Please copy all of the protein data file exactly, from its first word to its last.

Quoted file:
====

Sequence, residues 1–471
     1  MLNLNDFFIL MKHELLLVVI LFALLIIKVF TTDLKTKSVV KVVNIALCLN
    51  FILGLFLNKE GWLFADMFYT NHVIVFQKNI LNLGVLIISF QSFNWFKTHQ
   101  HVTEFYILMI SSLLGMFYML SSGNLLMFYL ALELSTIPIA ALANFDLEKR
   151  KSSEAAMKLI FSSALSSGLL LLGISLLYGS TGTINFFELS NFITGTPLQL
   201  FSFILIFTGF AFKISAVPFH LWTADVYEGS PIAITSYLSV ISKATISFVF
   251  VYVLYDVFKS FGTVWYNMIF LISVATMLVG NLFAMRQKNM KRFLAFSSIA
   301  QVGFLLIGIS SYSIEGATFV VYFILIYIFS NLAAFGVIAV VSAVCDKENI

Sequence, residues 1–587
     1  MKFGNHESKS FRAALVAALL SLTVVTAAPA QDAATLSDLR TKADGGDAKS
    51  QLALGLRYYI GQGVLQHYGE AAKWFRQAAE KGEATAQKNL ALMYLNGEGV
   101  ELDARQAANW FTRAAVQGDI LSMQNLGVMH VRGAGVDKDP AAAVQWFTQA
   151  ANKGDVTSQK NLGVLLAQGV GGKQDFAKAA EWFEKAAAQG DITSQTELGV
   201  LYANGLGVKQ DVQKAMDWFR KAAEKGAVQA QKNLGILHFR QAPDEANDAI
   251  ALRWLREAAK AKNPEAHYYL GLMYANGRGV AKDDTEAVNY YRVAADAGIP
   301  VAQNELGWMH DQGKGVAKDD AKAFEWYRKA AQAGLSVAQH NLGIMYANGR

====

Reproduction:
Sequence, residues 1–471
     1  MLNLNDFFIL MKHELLLVVI LFALLIIKVF TTDLKTKSVV KVVNIALCLN
    51  FILGLFLNKE GWLFADMFYT NHVIVFQKNI LNLGVLIISF QSFNWFKTHQ
   101  HVTEFYILMI SSLLGMFYML SSGNLLMFYL ALELSTIPIA ALANFDLEKR
   151  KSSEAAMKLI FSSALSSGLL LLGISLLYGS TGTINFFELS NFITGTPLQL
   201  FSFILIFTGF AFKISAVPFH LWTADVYEGS PIAITSYLSV ISKATISFVF
   251  VYVLYDVFKS FGTVWYNMIF LISVATMLVG NLFAMRQKNM KRFLAFSSIA
   301  QVGFLLIGIS SYSIEGATFV VYFILIYIFS NLAAFGVIAV VSAVCDKENI

Sequence, residues 1–587
     1  MKFGNHESKS FRAALVAALL SLTVVTAAPA QDAATLSDLR TKADGGDAKS
    51  QLALGLRYYI GQGVLQHYGE AAKWFRQAAE KGEATAQKNL ALMYLNGEGV
   101  ELDARQAANW FTRAAVQGDI LSMQNLGVMH VRGAGVDKDP AAAVQWFTQA
   151  ANKGDVTSQK NLGVLLAQGV GGKQDFAKAA EWFEKAAAQG DITSQTELGV
   201  LYANGLGVKQ DVQKAMDWFR KAAEKGAVQA QKNLGILHFR QAPDEANDAI
   251  ALRWLREAAK AKNPEAHYYL GLMYANGRGV AKDDTEAVNY YRVAADAGIP
   301  VAQNELGWMH DQGKGVAKDD AKAFEWYRKA AQAGLSVAQH NLGIMYANGR